Forseti was the Norse god of justice, law, and reconciliation. Known to be the son of Baldr and Nanna (Baldr being the god of peace and light and Nanna having no known role outside of being married), he was renowned for his great mediation abilities and his signature weapon was the axe.

With a name that translates literally to “the presiding one” in Old Norse, Forseti represented the court system within Nordic society. It was said that no one left Forseti’s court without their problems reconciled in some form, both parties accepting his verdict without complaint. Even the other gods of Valhalla would abide by his decisions as no one was above the law or the verdicts he set down.

To represent his position as the judge above all, Forseti’s own court was known as Glitnir, meaning “shining”. This was appropriate as legends described the hall as being made of gleaming golden pillars and a silver roof, shining so brightly as to be seen from great distances away. Some stories describe Baldr as residing there with his son at times, as well.

Compared to other gods in the Norse pantheon, Forseti is somewhat obscure and little is known about him in modern day. Classical literature mentions him by name only twice. The first of these appearances was in the 15th century as part of the stanza Grímnismál which describes Glitnir and his role in dispute resolution among gods and men.

The second source, the 13th century Prose Edda by Snorri Sturluson, describes Forseti’s parentage. However, issues arise in following this text, as Sturluson’s work is often abridged or invented without actual historical backing, making Forseti’s actual heritage somewhat dubious. Any further mentions of the god are ambiguous at best.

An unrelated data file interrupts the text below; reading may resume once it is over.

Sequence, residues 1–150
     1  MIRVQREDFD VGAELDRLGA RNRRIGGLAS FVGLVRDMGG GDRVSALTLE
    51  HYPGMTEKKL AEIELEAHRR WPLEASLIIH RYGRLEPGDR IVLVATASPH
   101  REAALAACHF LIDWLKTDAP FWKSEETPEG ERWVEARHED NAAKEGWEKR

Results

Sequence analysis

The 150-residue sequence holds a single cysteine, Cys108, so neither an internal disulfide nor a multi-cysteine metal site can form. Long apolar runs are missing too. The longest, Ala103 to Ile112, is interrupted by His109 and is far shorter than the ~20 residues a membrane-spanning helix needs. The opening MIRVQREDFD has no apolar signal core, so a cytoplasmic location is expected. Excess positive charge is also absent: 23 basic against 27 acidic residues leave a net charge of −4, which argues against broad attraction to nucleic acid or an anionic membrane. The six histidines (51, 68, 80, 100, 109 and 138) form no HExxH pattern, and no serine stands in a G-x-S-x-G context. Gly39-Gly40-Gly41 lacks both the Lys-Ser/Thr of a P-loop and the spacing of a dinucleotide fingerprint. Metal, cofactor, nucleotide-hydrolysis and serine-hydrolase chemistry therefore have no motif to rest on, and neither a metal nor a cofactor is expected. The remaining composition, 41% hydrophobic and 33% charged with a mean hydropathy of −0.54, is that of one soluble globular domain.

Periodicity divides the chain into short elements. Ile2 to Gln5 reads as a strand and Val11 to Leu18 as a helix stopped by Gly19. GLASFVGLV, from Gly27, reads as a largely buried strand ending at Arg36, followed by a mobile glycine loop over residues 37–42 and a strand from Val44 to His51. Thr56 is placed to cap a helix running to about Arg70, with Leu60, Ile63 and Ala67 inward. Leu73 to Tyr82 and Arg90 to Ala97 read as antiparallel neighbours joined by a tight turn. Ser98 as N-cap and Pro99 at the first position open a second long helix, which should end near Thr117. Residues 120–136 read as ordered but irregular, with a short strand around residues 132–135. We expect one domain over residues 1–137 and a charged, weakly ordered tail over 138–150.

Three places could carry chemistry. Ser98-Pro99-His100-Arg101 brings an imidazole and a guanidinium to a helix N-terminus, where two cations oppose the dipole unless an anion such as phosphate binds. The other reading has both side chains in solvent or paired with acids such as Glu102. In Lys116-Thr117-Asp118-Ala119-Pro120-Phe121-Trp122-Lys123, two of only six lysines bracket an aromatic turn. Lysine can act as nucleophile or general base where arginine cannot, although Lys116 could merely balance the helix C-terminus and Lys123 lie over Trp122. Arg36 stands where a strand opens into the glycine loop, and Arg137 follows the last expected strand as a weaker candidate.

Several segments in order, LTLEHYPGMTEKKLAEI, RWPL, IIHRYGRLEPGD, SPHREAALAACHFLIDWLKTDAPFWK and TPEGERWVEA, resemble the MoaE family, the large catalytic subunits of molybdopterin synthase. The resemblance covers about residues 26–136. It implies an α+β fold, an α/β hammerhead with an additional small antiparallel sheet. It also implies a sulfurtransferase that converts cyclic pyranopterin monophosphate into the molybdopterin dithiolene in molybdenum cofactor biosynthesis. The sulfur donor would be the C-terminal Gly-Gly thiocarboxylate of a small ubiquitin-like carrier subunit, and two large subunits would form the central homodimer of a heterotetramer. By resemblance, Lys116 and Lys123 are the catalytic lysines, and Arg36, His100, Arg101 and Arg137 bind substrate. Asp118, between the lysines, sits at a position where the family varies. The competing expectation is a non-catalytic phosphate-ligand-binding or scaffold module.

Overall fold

The fact that Forseti is considered to be a “younger” god in the pantheon relates back to his role as a judge. Compared to the old gods like Odin and many of his children, Forseti represented the importance of talking disputes out peacefully rather than seeking violent retribution for being wronged. This is particularly important given Baldr’s murder by Höðr, essentially meaning Forseti chose to uphold the rule of law despite being wronged in a way that many other gods would avenge through killing.

It has been suggested by certain historians that Forseti may be the same deity as Fosite, a Frisian deity. An island known in modern times as Heligoland was supposedly founded as Fositesland, named for a god-like man who rescued twelve Frisian set adrift in a boat who taught them about law and order. Given the island’s location relative to Germany and the Scandinavian countries, this would make sense. Others are skeptical of this association, though, as the golden axe Fosite was claimed to have had could also indicate that the figure in the myth was a closer match to Thor.

Forseti’s influence can still be felt today, in that his name is the modern word for “president” in both Icelandic and Faroese.